Ross McElwee sets out to make a documentary about the lingering effects of General Sherman's march of destruction through the South during the Civil War, but is continually sidetracked by ... See full summary »
In 1986, Ross McElwee and Marilyn Levine were making a film about the 25th anniversary of the Berlin Wall, when the imposing structure was still very much intact as the world's most visible symbol of hardline Communism.
The movie is set in chaotic 1920's China, when warlords fought each other for power while Sun Yat-Sen's underground movement tried to establish a democratic republic. The movie tells the ... See full summary »
This documentary chronicles General William Tecumseh Sherman's fabled "March to the Sea" through Georgia and the Carolinas, utilizing state of the art production techniques including CGI, special effects and historical re-creations.
Bill Oberst Jr.,
This film travels through fantasy and reality as Ivens goes to China to capture the Wind. The film reflects the film maker's journey - from his first film on the wind (Pour Le Mistral)to ... See full summary »
In New Zealand in the 1860s the native Maori people fought the British colonials to keep the land guaranteed to them by treaty. The warrior Te Wheke fights for the British until betrayal ... See full summary »
Ross McElwee sets out to make a documentary about the lingering effects of General Sherman's march of destruction through the South during the Civil War, but is continually sidetracked by women who come and go in his life, his recurring dreams of nuclear holocaust, and Burt Reynolds. Written by
Brett Coon <firstname.lastname@example.org>
I really get turned on about the Civil War. And I know it's been a hundred years, and I still don't think we were wrong. Only in that slavery should not be enforced. It should be a right. If you want to be a slave, be a slave. If you don't, fine.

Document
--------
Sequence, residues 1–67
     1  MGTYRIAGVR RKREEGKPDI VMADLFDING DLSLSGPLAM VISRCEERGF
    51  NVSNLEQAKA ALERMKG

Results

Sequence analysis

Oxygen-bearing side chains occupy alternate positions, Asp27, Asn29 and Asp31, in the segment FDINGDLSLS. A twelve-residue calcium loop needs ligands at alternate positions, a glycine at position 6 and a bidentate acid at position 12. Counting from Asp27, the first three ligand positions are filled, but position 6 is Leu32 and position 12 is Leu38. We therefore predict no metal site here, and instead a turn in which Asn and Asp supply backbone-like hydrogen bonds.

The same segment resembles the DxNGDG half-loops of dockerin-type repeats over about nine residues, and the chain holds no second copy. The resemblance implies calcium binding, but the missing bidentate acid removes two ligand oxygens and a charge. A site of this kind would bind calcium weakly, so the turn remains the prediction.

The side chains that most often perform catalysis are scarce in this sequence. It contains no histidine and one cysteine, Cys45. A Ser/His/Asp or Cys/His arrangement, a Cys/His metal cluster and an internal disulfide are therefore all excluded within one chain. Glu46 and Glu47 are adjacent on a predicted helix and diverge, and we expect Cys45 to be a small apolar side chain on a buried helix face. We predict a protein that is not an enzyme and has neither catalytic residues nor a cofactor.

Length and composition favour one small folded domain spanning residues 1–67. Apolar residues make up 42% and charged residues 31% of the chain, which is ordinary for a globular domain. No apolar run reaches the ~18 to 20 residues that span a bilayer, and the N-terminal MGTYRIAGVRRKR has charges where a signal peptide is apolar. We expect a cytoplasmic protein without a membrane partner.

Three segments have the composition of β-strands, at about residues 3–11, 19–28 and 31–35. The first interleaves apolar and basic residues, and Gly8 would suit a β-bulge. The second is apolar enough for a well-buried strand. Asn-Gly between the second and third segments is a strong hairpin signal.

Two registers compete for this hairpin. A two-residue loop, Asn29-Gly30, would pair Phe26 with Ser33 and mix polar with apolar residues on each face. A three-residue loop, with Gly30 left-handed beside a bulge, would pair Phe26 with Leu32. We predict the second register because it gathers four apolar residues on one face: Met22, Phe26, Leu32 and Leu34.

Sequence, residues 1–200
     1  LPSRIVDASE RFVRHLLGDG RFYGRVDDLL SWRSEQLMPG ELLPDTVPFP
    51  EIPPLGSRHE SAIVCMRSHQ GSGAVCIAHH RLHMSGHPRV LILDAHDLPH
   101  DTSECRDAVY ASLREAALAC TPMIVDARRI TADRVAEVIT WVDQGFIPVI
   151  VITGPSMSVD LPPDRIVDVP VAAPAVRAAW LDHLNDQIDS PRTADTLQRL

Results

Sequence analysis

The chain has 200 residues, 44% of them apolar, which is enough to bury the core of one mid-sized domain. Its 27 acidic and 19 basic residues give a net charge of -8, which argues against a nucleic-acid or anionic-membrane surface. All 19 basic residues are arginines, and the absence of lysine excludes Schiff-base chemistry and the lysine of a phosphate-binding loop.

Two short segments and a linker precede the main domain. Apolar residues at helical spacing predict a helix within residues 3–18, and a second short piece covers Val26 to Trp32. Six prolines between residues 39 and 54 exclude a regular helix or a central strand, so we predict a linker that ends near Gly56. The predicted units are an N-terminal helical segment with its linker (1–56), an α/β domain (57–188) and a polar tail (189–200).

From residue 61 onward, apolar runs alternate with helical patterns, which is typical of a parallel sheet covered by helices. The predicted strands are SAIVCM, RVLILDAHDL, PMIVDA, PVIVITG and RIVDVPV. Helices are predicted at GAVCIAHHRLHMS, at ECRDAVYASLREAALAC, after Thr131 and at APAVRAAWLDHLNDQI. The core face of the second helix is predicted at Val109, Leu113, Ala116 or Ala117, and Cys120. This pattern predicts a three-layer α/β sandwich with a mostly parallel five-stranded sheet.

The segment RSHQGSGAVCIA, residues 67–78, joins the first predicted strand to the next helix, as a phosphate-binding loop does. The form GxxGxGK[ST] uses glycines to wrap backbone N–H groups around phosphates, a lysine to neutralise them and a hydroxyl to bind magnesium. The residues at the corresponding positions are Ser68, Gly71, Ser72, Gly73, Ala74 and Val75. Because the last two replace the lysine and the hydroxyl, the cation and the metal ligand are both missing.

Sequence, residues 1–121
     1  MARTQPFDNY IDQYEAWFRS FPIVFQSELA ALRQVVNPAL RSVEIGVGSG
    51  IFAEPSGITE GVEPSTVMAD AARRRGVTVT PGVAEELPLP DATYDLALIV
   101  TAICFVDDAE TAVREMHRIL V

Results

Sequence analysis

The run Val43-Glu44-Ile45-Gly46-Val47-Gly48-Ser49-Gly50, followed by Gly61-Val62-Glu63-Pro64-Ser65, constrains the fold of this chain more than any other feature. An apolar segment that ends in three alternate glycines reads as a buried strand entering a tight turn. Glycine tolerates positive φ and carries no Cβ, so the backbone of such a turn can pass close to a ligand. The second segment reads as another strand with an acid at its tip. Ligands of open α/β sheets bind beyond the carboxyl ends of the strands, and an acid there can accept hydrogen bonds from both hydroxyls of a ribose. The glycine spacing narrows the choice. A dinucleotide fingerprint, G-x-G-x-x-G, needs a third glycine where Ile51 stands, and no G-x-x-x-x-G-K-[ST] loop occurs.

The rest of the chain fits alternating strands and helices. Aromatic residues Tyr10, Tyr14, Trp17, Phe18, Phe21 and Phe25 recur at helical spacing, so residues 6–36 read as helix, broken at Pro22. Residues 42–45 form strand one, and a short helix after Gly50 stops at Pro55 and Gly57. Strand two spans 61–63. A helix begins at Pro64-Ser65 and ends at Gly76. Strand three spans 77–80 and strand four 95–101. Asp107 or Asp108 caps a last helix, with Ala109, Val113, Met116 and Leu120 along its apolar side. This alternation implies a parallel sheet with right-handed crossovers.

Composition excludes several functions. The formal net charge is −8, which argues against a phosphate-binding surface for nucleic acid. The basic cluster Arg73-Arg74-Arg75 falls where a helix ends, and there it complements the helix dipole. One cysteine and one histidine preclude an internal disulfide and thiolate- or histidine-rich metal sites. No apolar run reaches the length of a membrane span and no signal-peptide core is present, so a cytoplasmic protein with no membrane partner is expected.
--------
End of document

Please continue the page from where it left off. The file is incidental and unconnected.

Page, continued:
See more »
I intended to watch only the first ten or fifteen minutes of this film, on a recommendation by a professor. I ended up watching the whole 2 hours 40 minutes, engrossed at every turn. I don't know why this film is so good; by all rationale, it probably ought to have turned out to be dull and pretentious. Instead, Sherman's March is an incredibly patient and passionate examination of oneself, the pain and frustration that come with mid-life depression, and the quasi-comic mystery surrounding Southern culture. I don't often find myself so enveloped in documentaries, particularly those that stop pursuing their apparent narrative ten minutes in and take on a totally new and divergent direction. But this film works. In filming his relationships with a number of different women over the course of a year, McElwee reveals himself to be a deeply frustrated individual, whose penchant for chasing life with a camera proves both constructive of an insightful film, as well as destructive to his own sense of balance and structure in his own life. The result is often funny, occasionally discomforting, and periodically profound. One sequence ends with McElwee's filmed conversation with a woman with whom he has tried to forge a romantic involvement out of an ancient friendship; the sharpness with which they speak to each other is jolting. McElwee manages to evoke an entire persona for himself - whether authentic or not - with scenes like these, at the same time drawing an insightful - if slightly overblown, though satirically so - comparison of himself to William Tecumseh Sherman and his devastating Civil War march through the South. This is a remarkable film for its willingness to examine the subtext of its maker's life.
8 of 9 people found this review helpful.
Was this review helpful to you?